Monday, April 1, 2019

Plotters, Pantsers and Bossy Characters

lavnatalia via Pixabay
Novelists often refer to themselves as plotters or pantsers. Plotters plan out their work using synopses and scene cards and all sorts of tools that make my head spin. Pantsers like me "fly by the seat of their pants," making things up as we go along. 

No matter which camp we land in, most of us seem to be wedded to the approach we take. Though I have tremendous respect for those who can methodically lay out a book piece by piece, I can't imagine doing it. For me, it would suck the joy right out of the writing experience.

I've tried being a planner -- crafting a synopsis before I write -- but I always end up frustrated. My characters are far too opinionated (go figure) and, synopsis or not, they lead the way. 

Sometimes, this is a good thing. On Saturday, for example, I sat down to work on the final Marita/Angel/Charli book and ended up writing a scene that popped up completely of its own accord. Not only did it drive the story forward, it offered an opportunity to link back as well and to allow my characters to grow in ways I hadn't even considered.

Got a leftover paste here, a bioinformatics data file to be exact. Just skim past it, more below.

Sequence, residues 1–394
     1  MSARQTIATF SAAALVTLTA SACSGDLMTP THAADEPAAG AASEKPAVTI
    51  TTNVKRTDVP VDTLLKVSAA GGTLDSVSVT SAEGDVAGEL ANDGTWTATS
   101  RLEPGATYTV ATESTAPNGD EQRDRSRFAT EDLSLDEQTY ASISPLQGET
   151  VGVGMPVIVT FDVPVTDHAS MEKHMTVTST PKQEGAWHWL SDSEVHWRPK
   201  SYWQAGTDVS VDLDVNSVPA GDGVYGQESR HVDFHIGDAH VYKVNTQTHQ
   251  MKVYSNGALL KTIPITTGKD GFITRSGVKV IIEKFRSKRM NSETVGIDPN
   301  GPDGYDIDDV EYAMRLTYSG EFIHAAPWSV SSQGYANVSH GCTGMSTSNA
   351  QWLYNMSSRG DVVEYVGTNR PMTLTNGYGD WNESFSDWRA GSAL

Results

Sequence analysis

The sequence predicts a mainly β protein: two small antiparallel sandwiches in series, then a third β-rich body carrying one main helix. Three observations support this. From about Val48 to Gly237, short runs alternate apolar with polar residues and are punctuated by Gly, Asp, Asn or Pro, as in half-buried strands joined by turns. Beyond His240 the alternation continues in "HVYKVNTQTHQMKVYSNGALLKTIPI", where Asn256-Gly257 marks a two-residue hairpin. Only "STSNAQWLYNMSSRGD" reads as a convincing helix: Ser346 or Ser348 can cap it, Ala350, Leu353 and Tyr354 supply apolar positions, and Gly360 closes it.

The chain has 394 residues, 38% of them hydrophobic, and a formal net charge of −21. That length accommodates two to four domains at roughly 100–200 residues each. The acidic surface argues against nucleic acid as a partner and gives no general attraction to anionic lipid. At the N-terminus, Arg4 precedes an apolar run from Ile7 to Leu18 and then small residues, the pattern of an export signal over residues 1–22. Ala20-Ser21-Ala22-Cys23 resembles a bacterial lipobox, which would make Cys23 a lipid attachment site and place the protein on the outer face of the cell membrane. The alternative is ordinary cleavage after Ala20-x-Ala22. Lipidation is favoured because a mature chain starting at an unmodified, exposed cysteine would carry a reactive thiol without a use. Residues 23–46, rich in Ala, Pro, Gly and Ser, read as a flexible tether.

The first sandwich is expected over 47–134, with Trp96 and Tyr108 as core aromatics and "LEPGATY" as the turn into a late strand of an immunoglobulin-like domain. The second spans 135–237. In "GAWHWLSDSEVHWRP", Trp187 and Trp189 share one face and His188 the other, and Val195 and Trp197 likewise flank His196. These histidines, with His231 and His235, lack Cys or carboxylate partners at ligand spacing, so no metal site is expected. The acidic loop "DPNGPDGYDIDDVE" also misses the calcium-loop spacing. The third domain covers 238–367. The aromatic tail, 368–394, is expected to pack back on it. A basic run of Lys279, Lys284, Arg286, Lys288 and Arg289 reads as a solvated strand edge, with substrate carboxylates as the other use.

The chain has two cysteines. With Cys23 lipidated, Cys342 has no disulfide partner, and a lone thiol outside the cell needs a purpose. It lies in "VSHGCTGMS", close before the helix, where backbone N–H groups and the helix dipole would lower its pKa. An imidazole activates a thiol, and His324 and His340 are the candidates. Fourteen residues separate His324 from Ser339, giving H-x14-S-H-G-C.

Take that, synopsis. 

Mind you, I'm not flying completely blind (clearly it's cliché day in my neighborhood). Before I write a word, I figure out who my characters are and how they connect to each other at the start of the story. I have a basic storyline and some ideas about how the players will connect as the story moves forward, but sometimes they surprise me. I also have some idea of a resolution, but often it's not firm enough to qualify as "the end."

I used to think I knew everything about my characters before I started, but, over time, I've discovered that they're as dynamic as real people. And, if I don't allow them to grow and change, my story goes nowhere.

This final book has been a long time coming and my characters have dished on the porch swing quite a few times between Chasing a Second Chance and my still-untitled book three (I'm getting closer, I promise!) Each conversation I have with them, each adventure they take and each bit (or chunk) of dialogue in which they participate propels them forward, changing them just a bit, defying a prewritten synopsis in which change is scripted instead of organic.

johnhain via Pixabay
I once attended a workshop wherein a novelist who's written close to 100 books told us that if we were pantsers, we were doing it wrong. I was insulted then, but now, I just shrug off "advice" like that. Like life, my stories are so much richer when I collaborate with others. Sure, the "others" I'm collaborating with begin as figments of my imagination but, if I'm doing this writing thing right, by the end of the story, they're so much more. I get better, they get more interesting and the fabric of the story is richer as a result. 

Sometimes, we all need a little room in which to spread our wings.

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